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If I had two strings, 'abc' and 'def', I could get all combinations of them using two for loops:

for j in s1:
  for k in s2:
    print(j, k)

However, I would like to be able to do this using list comprehension. I've tried many ways, but have never managed to get it. Does anyone know how to do this?

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up vote 29 down vote accepted
lst = [j + k for j in s1 for k in s2]

or

lst = [(j, k) for j in s1 for k in s2]

if you want tuples.

Like in the question, for j... is the outer loop, for k... is the inner loop.

Essentially, you can have as many independent 'for x in y' clauses as you want in a list comprehension just by sticking one after the other.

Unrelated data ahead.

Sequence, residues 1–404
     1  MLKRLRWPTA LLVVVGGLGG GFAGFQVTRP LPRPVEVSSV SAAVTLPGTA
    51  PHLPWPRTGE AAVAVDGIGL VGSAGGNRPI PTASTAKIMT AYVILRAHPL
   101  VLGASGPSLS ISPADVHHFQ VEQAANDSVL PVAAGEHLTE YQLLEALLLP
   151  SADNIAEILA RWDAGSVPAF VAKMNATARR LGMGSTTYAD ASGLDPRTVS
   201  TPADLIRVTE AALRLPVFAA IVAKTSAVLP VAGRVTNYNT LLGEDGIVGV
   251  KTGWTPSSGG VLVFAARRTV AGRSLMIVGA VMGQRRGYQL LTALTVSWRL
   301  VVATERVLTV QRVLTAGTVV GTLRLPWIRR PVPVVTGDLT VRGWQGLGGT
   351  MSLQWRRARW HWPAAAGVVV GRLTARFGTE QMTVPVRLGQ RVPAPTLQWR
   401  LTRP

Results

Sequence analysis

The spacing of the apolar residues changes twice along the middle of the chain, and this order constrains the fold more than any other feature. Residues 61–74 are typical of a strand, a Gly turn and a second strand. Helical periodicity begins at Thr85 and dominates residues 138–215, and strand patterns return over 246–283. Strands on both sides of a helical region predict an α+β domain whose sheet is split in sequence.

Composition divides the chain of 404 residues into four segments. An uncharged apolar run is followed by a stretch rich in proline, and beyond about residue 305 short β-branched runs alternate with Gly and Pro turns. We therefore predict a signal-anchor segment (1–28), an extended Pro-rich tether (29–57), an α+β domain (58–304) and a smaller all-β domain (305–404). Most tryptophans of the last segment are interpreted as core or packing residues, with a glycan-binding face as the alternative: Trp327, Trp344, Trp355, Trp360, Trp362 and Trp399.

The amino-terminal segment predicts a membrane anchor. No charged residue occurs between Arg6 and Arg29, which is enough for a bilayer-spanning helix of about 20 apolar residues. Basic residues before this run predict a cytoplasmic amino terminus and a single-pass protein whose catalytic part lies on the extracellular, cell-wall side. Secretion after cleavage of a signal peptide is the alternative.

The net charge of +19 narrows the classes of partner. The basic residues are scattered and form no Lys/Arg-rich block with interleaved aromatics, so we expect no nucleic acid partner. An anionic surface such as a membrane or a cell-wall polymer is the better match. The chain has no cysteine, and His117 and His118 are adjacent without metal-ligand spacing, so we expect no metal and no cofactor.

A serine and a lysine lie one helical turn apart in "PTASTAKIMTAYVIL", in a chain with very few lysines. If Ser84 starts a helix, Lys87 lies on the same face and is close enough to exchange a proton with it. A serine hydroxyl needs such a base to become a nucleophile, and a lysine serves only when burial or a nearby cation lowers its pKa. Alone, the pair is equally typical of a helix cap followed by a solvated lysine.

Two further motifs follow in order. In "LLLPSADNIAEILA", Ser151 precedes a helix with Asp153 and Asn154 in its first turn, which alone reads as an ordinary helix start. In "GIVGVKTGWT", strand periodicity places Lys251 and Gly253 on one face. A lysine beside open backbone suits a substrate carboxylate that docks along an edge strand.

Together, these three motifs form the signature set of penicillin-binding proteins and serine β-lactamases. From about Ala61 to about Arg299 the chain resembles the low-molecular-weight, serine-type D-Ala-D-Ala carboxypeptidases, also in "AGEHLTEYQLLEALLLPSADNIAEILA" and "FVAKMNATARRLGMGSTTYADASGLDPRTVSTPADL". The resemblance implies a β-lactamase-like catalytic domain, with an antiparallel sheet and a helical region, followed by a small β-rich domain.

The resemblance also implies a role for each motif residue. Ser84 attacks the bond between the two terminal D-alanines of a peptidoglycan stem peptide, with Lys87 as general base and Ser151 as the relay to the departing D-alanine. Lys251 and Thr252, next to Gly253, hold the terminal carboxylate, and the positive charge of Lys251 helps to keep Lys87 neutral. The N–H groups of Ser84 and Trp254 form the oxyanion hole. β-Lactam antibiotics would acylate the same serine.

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+1 since the OP asked for LC's. – John La Rooy Sep 3 '10 at 10:21

Since this is essentially a Cartesian product, you can also use itertools.product. I think it's clearer, especially when you have more input iterables.

itertools.product('abc', 'def', 'ghi')
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+1 because product is a nicer answer than LC's for this – John La Rooy Sep 3 '10 at 10:22
    
itertools strikes again! Nice solution – Brendan Maguire Feb 13 '14 at 13:58

Try recursion too:

    s=""
    s1="abc"
    s2="def"
    def combinations(s,l):
        if l==0:
            print s
        else:
            combinations(s+s1[len(s1)-l],l-1)
            combinations(s+s2[len(s2)-l],l-1)
    combinations(s,len(s1))

Gives you the 8 combinations: abc abf aec aef dbc dbf dec def

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Accourding to OP's question, I think the output should give couples of letters, and there should be 9 combinations. – Mattia Jul 30 '15 at 8:42

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